Helping to Save the Greater Sage Grouse

WANTED! Volunteers to travel by vehicle and foot to extremely remote areas of Eastern Oregon. Volunteers will camp in cold conditions, wake up before dawn and use GPS units to navigate to sage grouse leks to count males and females present. No previous experience required. Why would anyone want to do this? My husband and I actually jumped at the first chance to do this for the Oregon Department of Fish and Wildlife. We love the high mountain deserts and wildlife, and finally had an actual purpose to explore those little-traveled dirt roads and sagebrush meadows that stretch for miles.

For those of you that aren’t familiar with the greater sage grouse, it’s a large, rounded-winged, ground-dwelling bird, up to 30 inches long and two feet tall, weighing from two to seven pounds.  It has a long, pointed tail with legs feathered to the base of the toes. Females are a mottled brown, black, and white. Males are bigger and have a large white ruff around their neck and bright yellow air sacks on their breasts, which they inflate during their mating display. The birds are found at elevations ranging from 4,000 to over 9,000 feet and are highly dependent on sagebrush for cover and food.

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Greater Sage Grouse

Sage grouse once roamed much of the West, but populations have been declining for decades and now the birds only occupy about half of their historic range. Development, livestock grazing, fire, weeds and the West Nile virus have taken a steady toll, causing grouse numbers to fall about 3.5 percent a year. The greater sage grouse count happens in early spring during mating season. Collecting data at the leks is to document population trends. A large proportion of this data collection work is done entirely by volunteers.

We received our assignments, paperwork, and GPS coordinates of the leks we would be counting. We packed up our four-wheel-drive truck and headed west from Boise into Oregon and off the main road. 30 miles of rough and hilly dirt roads later we found the first lek we would be counting in the morning. “Leks” are locations where groups of male sage-grouse return year after year to strut their stuff in the hopes of attracting a mate.  To the human eye the lek sites really don’t look all that different from the surrounding sagebrush. After seeing a some old sage grouse dropping and feathers on the lek, I didn’t have very high expectations of seeing any birds in the morning.

 

droppings
Old Sage Grouse droppings on the lek.

About a mile from the lek, shielded from it by a small ridge, we found a flat piece of ground to set up our tent and camp. We had our dog with us and wanted to be a good distance away from the lek so as not to disturb the grouse. Our beautiful spot was so remote that if our truck broke down it would be days before someone found us. This spring has been very cold in Eastern Oregon. It dropped to 20 degrees at night. I didn’t sleep well from being cold and being nervous about correctly following the procedure to count since we took this volunteer assignment very seriously.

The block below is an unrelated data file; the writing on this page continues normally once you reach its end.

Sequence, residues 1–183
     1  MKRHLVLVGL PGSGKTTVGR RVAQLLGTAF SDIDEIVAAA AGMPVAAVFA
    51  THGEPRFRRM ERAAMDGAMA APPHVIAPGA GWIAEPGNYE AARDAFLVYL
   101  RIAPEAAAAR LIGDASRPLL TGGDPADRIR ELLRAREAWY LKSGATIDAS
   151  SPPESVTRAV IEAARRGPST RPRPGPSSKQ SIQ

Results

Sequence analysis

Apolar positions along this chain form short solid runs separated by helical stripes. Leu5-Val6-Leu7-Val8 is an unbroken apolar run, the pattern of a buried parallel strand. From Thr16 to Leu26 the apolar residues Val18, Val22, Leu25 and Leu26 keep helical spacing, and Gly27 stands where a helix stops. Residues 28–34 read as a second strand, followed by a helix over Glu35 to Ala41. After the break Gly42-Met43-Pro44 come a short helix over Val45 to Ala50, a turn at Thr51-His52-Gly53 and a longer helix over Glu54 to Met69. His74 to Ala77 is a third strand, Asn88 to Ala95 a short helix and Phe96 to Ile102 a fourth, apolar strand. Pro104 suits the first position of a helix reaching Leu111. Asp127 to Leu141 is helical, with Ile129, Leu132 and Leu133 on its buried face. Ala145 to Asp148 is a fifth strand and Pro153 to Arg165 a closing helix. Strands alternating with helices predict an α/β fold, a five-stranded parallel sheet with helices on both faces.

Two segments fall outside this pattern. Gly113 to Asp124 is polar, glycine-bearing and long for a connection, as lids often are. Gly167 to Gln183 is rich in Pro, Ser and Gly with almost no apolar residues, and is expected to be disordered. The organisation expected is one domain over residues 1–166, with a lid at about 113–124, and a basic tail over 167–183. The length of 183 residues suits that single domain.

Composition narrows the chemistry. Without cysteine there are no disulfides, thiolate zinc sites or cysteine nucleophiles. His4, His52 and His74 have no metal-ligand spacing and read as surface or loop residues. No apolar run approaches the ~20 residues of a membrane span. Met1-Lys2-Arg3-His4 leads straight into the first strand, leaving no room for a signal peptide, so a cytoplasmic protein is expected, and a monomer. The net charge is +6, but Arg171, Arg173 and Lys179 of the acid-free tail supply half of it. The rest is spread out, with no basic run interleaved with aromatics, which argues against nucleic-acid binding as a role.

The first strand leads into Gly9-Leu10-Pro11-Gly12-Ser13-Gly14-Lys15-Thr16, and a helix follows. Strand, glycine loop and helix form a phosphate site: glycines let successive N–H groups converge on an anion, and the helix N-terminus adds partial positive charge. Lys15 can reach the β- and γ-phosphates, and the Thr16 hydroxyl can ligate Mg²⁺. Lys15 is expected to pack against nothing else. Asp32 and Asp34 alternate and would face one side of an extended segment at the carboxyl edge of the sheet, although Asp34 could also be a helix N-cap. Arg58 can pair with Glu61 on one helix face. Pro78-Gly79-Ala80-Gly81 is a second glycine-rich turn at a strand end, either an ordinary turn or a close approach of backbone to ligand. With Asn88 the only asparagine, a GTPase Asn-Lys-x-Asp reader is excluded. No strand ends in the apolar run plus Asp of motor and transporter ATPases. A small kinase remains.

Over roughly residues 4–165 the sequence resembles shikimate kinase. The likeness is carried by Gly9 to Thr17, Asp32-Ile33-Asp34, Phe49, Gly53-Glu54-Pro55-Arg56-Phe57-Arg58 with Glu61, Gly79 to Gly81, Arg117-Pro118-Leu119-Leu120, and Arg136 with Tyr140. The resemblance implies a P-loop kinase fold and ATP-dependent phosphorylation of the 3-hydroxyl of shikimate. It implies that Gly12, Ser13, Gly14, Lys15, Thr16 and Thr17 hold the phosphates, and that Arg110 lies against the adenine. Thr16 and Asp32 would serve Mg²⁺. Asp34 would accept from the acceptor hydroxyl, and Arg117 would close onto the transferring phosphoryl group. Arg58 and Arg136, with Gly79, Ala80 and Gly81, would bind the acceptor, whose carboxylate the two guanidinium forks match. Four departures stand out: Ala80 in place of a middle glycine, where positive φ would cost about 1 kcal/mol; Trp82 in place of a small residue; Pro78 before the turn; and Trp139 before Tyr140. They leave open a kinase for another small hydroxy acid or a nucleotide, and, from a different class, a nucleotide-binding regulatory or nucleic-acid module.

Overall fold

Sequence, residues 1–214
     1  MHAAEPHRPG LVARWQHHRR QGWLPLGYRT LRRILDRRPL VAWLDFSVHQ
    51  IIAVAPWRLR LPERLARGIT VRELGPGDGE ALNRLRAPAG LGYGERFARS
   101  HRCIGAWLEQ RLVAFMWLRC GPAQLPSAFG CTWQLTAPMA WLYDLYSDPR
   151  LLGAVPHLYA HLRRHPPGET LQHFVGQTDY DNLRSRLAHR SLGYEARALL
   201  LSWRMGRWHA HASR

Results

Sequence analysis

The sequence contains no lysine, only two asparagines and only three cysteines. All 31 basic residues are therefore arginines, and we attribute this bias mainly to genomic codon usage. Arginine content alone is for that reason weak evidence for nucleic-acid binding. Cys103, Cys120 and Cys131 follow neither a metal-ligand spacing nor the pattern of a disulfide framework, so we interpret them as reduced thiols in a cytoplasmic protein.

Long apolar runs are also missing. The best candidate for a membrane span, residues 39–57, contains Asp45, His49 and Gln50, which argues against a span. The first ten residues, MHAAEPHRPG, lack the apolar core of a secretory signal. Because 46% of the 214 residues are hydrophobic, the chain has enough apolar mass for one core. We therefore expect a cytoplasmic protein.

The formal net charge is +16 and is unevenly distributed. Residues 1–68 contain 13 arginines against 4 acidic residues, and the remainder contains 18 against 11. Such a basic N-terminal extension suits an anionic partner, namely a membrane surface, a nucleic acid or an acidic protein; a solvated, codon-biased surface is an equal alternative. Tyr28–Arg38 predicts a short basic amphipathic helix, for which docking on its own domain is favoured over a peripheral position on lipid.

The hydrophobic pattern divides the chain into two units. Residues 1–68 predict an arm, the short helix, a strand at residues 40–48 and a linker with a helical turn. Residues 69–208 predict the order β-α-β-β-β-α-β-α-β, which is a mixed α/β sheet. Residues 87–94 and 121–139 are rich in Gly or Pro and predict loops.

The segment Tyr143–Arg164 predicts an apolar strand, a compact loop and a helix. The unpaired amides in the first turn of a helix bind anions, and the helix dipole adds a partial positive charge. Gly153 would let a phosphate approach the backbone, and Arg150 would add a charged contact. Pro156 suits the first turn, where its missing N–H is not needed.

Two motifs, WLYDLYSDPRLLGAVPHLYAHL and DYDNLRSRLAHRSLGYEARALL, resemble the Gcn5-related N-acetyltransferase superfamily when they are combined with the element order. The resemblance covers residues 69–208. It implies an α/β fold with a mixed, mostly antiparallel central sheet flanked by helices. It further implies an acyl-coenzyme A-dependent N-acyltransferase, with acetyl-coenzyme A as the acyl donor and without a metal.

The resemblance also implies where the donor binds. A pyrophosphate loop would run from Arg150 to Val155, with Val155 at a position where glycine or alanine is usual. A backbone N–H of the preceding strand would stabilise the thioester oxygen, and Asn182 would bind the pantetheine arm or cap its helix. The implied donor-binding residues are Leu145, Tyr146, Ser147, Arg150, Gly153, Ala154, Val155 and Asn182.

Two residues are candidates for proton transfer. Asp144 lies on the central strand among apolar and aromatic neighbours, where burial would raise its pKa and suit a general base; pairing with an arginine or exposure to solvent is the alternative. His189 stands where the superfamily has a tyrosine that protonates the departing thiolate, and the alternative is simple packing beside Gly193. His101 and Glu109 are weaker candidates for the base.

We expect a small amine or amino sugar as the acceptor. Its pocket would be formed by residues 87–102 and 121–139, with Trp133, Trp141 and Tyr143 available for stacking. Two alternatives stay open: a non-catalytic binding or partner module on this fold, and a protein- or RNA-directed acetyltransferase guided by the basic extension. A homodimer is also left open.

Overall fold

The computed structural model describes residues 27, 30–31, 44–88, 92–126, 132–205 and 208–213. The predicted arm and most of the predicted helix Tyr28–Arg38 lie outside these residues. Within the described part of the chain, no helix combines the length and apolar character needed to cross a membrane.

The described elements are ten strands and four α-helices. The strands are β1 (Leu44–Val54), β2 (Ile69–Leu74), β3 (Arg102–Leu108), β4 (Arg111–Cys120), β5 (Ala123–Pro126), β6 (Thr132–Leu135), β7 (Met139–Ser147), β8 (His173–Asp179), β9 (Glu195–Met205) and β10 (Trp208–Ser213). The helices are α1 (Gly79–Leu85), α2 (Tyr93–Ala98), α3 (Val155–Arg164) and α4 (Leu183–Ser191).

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Remote primitive camp spot

The next morning we arrived at the lek at 6:15 am. It was just getting light as the sun was starting to rise behind the lek in the east. I put my binoculars up to my eyes. I couldn’t believe it: there they were. It was better than Christmas morning! We watched the grouse from the truck for about a half hour before heading out on foot leaving our bird dog secure in the truck. We hiked closer to the lek and kneeled on frozen ground and out of sight from the sage grouse for another hour to get a better view and take some video. We couldn’t get close enough for our video camera to capture the sound of the sage grouse so we added some sound and narration to our actual footage. We ended up counting 18 males and 2 females on this lek, and located a neighboring “satellite” lek with another 8 males.

Sage grouse are an indicator species. Hundreds of animals rely on the same air, land and water as this bird. If sage grouse are in decline, it means other wildlife, and the lives and livelihoods that depend on them, are at risk. By protecting them and the sagebrush habitat that is their home, hundreds of species might be sustained. Currently there are over 20 sensitive or threatened species associated with sagebrush, including Oregon’s state bird, the Western Meadowlark.

Good news: In early March 2011, the U.S. Fish and Wildlife Service announced that the greater sage grouse is warranted for protection under the Endangered Species Act and will be placed on a candidate list, but will not yet be protected under the ESA.  It’s encouraging to see the Obama administration take steps to restore the greater sage grouse, but the bird still needs much greater protection in order to fully recover. We have no idea if this count is up or down from previous years but we hope our counting will contribute to preservation of this incredible bird.

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